One solution that the government has thought of is to provide training to locals, through the newly formed Human Resource Development Corporation, in sweeping, construction, security etc, and further ensure good salaried jobs for them.The government proposes to replace the outsiders currently working in Goa in such areas with the locally trained population, he said.

We Say

While the sentiments are something we can understand and even agree that crime has shot up, our politicians are merely playing to the gallery. Firstly, there's a long-standing feeling in Goa that locals have been overlooked while jobs have gone to outsiders. Which is why, there has always been a market for importing labour. The numbers have gone up exponentially now because construction, migration and related activity has boomed. Big outstation builders even hire architects from India's metros, ignoring better suited-to-the-job local architects. This has a cascading effect even. So, it's not like the rulers have created a space for Goan employment. The Goan has always gone to the Gulf or to the ship to find work. Just look at the mad rush to obtain Portuguese passports by VIPs even.

Secondly, though not very flattering to locals, there's a perception that they are not willing to work hence one has to look for workers across the border. Thirdly, verifying antecedents by activating a section in the CrPC can run into controversy with human rights groups who will stop at nothing once they smell blood. A little over a year ago when four migrants, who allegedly robbed a bank, were gunned down in a flat in a residential area in Chennai, there was a furore. There were stray cases where migrants were labeled 'north Indian' and attacked. The police added to the controversy by insisting that every house owner should furnish details about tenants and every contractor should do likewise. Forms were provided by respective police stations that had to be filled to give migrants' credentials.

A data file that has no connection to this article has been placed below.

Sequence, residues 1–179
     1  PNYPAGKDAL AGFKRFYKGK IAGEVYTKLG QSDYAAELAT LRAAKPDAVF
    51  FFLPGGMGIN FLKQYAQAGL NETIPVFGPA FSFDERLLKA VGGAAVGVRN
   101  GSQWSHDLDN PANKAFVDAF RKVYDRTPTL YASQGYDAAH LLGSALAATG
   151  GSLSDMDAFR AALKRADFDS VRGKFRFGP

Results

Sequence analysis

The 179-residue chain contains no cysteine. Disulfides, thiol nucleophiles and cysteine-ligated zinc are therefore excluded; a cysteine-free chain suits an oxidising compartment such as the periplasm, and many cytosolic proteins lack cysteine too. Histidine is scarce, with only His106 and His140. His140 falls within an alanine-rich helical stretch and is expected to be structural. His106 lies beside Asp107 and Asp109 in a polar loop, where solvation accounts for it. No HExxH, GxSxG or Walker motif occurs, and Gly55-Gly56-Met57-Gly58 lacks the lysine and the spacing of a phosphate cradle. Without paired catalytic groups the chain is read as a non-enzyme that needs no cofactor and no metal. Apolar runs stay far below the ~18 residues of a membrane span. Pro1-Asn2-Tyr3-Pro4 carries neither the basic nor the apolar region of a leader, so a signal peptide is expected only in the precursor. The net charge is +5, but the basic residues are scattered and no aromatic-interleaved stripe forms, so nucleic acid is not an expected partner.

Suddenly, the air was vitiated with the police being labeled 'anti-north Indian' by human rights groups and accused of profiling migrants. They were almost compared to the Puritans who made adulterers sew in the letter A in red, as narrated in Nathaniel Hawthorne's 1850 romantic work of fiction. The politicians kept out of the debate because they did not want to stoke their votebanks. Finally, the issue died a natural death but Chennai's construction boom has much to thank migrants for.

On the other hand, there is an air of panic in Kerala ever since 'Saudization' which entails new labour regulations went into effect on March 28. The fear is that if the local work force replaces them, Malayalis will have to catch the first plane back. It could be the end of the Gulf dream for Goans too. So how does one reconcile to being jettisoned from a foreign land with being the person doing the jettisoning here if the CM's promise to replace the outsiders currently working in Goa with the locally trained population is fulfilled? Not only a moral dilemma but also a constitutional conundrum!